July 12, 2014

Day 11: Horta to Calheta de Nesquim, Pico

Today was a big day. One of the other people Márcia Dutra had tried to hook me up with was Pedro Escobar, who is involved with the old-school whale boats, which are now raced with both oars and sails. He had not answered my email, so I let it go.

I have also been in touch with Luís Bicudo, a film maker who made a documentary about the old whalers. I haven't seen it and I haven't met him — I just stumbled upon him randomly while researching this project. But I sent him an email and he has been incredibly helpful and encouraging.

Luís sent me an email about Pedro as well, and offered to get in touch with him on my behalf. When I got home from dinner on Friday there was a message waiting: Meet Pedro at the harbor in front of Cafe Sport at 9 AM tomorrow and ride with them to the whale boat regatta on Pico. And so I did.

Luís had told me about this regatta earlier, so I had already been planning to go. I originally thought I'd just take the ferry from Horta to Madalena on Pico (about 30 minutes) and then rent a scooter and ride out to Calheta for the regatta. Easy. But this plan was much more exciting. Several canoas from Faial would be towed by a gas-engine launch (lancha) to Calheta, at the far west end of Pico, and I was being offered a ride in one of them with Pedro and his mates. 

Pedro is a big grinning bear of a guy, really sweet and funny as hell. He has the best laugh, which you hear often if you hang out with him. He lives in Cedros, so knows Angie and those folks too. Not knowing exactly what to expect, I wasn't adequately prepared for the adventure that lay ahead — shorts, sneakers, t-shirt, sweatshirt, sunscreen, and a day pack full of recording gear. Pedro eyed me with amusement and tossed me an old water-proof jacket. "You'll need this." He also offered me a waterproof bag for my gear. "How wet are we going to get?", I asked naively. "Wet," he laughed back. His mates looked at me like I was a hopeless idiot.

We waited around for quite a while; there was some debate about whether or not we would even go, because the weather wasn't too good and the seas were pretty rough. Finally the word came down: It was on. Pedro was all pumped; "Let's do this thing, people!" There were six boats being towed by the launch, which we had to paddle out to in the harbor and all get roped together. The launch was also carrying everyone's backpacks with dry clothes. I opted to put most of my gear in the pack on the launch and only take a small recorder and my camera; that way, if anything happened I'd still have a dry recorder and iPhone with camera on the launch. The trip typically takes about three hours, and everyone settled in for the long ride, using the sail for a blanket. The first 30 or 40 minutes were pretty uneventful, and I was able to take some photos and make recordings.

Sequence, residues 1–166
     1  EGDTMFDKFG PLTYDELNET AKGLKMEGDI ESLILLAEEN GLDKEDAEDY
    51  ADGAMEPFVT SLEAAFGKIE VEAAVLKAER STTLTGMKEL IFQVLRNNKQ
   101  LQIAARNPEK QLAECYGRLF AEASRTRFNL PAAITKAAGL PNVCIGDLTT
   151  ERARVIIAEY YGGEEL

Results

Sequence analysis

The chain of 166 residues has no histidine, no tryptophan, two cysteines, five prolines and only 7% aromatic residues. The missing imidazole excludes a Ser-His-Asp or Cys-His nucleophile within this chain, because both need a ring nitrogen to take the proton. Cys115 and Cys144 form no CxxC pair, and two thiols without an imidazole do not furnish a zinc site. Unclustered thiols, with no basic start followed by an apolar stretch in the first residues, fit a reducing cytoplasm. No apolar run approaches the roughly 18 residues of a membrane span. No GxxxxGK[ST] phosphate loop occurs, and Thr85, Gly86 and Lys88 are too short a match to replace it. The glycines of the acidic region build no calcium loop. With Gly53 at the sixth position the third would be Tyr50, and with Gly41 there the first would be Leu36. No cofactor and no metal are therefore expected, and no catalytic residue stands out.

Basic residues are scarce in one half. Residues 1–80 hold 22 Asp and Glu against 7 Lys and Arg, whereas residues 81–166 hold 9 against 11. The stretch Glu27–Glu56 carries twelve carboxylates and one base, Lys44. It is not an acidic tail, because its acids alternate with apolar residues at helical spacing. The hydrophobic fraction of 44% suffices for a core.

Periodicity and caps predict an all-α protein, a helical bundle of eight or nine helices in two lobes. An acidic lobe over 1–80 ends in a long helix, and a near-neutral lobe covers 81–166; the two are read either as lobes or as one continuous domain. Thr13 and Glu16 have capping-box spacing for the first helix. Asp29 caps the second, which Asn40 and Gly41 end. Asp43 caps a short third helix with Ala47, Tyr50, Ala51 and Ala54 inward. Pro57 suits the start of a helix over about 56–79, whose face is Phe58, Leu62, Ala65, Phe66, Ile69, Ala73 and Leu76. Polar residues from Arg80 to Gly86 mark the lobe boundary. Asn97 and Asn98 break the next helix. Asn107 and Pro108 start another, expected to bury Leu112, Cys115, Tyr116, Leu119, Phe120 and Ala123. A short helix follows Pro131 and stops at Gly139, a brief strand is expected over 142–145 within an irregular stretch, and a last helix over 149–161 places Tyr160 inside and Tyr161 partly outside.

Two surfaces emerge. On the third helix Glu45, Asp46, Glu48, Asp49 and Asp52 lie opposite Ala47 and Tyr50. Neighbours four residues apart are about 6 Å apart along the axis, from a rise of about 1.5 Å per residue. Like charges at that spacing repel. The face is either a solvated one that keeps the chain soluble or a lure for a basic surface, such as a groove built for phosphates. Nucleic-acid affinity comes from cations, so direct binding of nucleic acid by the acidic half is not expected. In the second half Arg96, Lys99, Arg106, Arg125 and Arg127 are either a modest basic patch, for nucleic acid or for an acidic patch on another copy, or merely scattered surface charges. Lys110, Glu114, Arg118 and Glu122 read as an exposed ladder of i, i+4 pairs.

But the further out we got, the rougher the waves became. We got doused quite a bit, and the folks in the botes had to keep yelling at the launch pilot to go slower. My guess is that it took us four hours to make the trip. And I am happy to report that Dramamine actually worked. I am normally prone to seasickness, but was totally fine on this trip. The spray in my face kept me alert, and occasionally a big wave came splashing over the bow, totally soaking us. Fortunately the water was quite warm. My eyes stung from the saltwater (and sunscreen), but otherwise I totally enjoyed it. Somehow the recorder and camera came through unscathed.

Finally, we reached Calheta, which I had visited briefly when I was here three years ago. I think we were the last group of boats to arrive. There were already a bunch of boats on the ramp — maybe 20? — and it felt like they had been waiting for us to start the regatta. There was time for a quick break for a sandwich and a beer, and then all of the boats started putting in again. They paddled out through the narrow channel between the rocks, and the launches towed them into position. They put up their masts and unfurled their sails, and it was a lovely sight.

I hung around for a while and then decided to try to make the 6 PM ferry from Madalena to Horta. The buses don't run on Pico on Saturday, and there were no taxis in Calheta. My friends had all encouraged me to just hitch-hike. "It's easy," they said. "You'll be fine," they said. I managed to get a ride up the hill to the main road, and then a ride to the outskirts of Lajes. And there my luck ran out. I sat for a long time, being stared at with suspicion or amusement by a group of old guys who were hanging out in front of the local império (Espirito Santo chapel). Finally I went across the street and asked one of them if there were taxis to be found in Lajes, thinking it wasn't too far of a walk. One of them was very kind and went to his house to call me a taxi, which soon arrived and took me to Madalena. He probably gouged me (€25!), but it actually was a pretty long trip, about 30 minutes, and I was in no position to complain. I missed my ferry and had to wait for the one at 9 PM. While I waited I had an omelet with fries and salad at the tourist joint across from the ferry terminal, and was quite happy to do so.

I don't know how useful the recordings I made on the boat will be, due to wind and the drone of the launch in the background. But it was a fantastic, inspiring experience, and I owe a big fat OBRIGADO to Pedro and his mates for letting me tag along, and to Luís for the hook-up. This sort of thing is indicative of my experience here in the islands so far. People are happy to help, and things just seem to fall magically into place.